Friday, April 05, 2019

COLUMN: 80s Shane

Well, that's it, then.

Bad news, everybody. I am officially, proof-positive, one-hundred percent past my prime. There's nothing to do now but put me to pasture and bear witness to my slow slide into irrelevancy.

Once upon a time (aka three days ago,) I still thought I was, by and large, culturally cool.

I mean, look, I'm a realist. When I look into the mirror, I know there's a fat and hopelessly single cubicle-dwelling middle-aged man staring back at me. But I prefer to see what I want: a me who hasn't aged in decades. A me known for being a record store clerk, rave promoter, nightclub DJ, and program director of his college radio station. A me whose cultural worth can still be measured by the depth of his CD collection even though CDs are mostly irrelevant to anyone under 30. A me who is deeply in touch with modern trends and surfs the pop culture zeitgeist with grace and ease. A me who will never be defined by his age.

At least that's what I thought.

As some of you may know, I've been moonlighting a few hours here and there behind the counter at my old stomping grounds: Co-Op Records. The decision was kind of a no-brainer. I'm good friends with the owner and he was short-handed and in a pinch. You get a healthy discount on music, which is never a bad thing. And I generally spend a considerable amount of my free time in record stores as is, so I may as well be getting paid for the privilege.

Mostly I love it because it's a second home for forward-thinking music nerds such as myself. It's a gathering place and natural habitat for progressive pop culture scholars to argue and discuss the merits of music trends, entertainment headlines, and whether or not R. Kelly's alleged misdeeds (which he most likely misdid) make "Trapped In The Closet" any less awesome (it does not.)

So I was excited to learn that a buddy of mine was also going to be picking up a few hours at the store. Until, however, he regaled me with a story from his first day of training. He was working with another long-time clerk and asked who was working this weekend.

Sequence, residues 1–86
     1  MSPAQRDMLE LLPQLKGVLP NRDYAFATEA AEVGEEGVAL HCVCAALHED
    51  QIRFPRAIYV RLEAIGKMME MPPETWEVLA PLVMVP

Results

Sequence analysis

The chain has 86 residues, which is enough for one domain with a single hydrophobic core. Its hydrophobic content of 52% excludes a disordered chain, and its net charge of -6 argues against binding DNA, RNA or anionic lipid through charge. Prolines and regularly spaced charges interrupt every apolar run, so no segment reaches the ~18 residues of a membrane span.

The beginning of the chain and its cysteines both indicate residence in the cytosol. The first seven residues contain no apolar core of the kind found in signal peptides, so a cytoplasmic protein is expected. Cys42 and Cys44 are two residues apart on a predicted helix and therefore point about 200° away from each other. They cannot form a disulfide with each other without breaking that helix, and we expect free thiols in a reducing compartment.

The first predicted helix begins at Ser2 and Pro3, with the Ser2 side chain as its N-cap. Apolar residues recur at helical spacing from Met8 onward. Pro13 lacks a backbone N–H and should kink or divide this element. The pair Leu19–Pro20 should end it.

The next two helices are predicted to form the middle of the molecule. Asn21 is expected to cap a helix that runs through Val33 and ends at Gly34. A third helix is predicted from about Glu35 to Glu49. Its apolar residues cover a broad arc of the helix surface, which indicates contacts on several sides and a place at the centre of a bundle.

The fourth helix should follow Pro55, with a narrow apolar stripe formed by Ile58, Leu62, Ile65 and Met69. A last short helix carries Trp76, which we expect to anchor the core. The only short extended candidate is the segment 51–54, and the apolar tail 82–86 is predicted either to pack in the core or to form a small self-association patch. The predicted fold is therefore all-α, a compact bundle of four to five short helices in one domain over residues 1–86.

"Oh, I think Shane is," the clerk replied.

"Which Shane?" my friend replied. Yes, I know, there can be only one. But truth be told, there's a couple of other Shanes out there who are ALMOST as hip as me, and he wasn't sure which of us was working at the store.

That's when it happened.

"Oh, you know," the clerk told him. "Eighties Shane."


And with that, my cultural relevancy promptly expired. I can only presume that the gods of pop culture will be calling any moment to rescind my membership card and decoder ring. I have just been kicked out of the Cool Kids Club.

I don't get it. I still read Rolling Stone cover to cover. I watch TV shows clearly written for people half my age. I know every song on the Billboard Hot 100. I routinely have to explain things like Kanye West, Cardi B, and the overall concept of Facebook to my mother. I'm hip, darn it.

But no. For all the hard work and thankless man-hours I've put into staying culturally cool, my legacy is now: "EIGHTIES SHANE." I thought I was riding on the cusp of the cutting edge, but apparently I fell right off that edge on January 1, 1990. According to at least one of my peers, I'm as relevant in these modern times as Boy George and Cyndi Lauper.

Surely this can't be true. If there's one thing I've always rallied against and mocked ruthlessly, it's those people whose musical and cultural tastes stop evolving once they reach a certain point in their lives. People who say they "don't understand today's music." People who go to bed early. That will NEVER be my life and I can prove it.

Why, just last week I put in my order for the greatest holiday of the year: Record Store Day. On Saturday, April 13th, HUNDREDS of over-priced, limited edition, hard-to-find records will be released for one day only -- and if you're not in line by 8 a.m., there's a good chance you'll get left out in the cold. As usual, I plan on spending an absolutely irresponsible amount of money on collectible records I'll likely never even play. It truly IS the most wonderful time of the year.

Would a culturally irrelevant "EIGHTIES SHANE" throw away his paycheck on hip releases like a box set containing ALL SIX original Devo albums on colored vinyl? Or a 3000-copy worldwide reissue of Bananarama remixes? Or a compilation of outtakes from a-ha's first album? Oh... crud.

Okay, so maybe I only ordered a bunch of stuff from the 1980s. It's not MY fault that most music released after 1990 has been terrible. That's not cultural irrelevancy. I say it's just a clear indicator of superior taste.

I'm not stuck in the 80s, I swear it. But if I HAD to be stuck in a decade, it's a pretty sweet one to call home. So call me whatever you want -- my suggestions would be "Awesome Shane" or perhaps "Cooler-Than-You Shane." I'm not going anywhere, pop culture. Just try and stop me. In the meantime, I guess if you need a DJ for your next 80s flashback party, I'm probably available.

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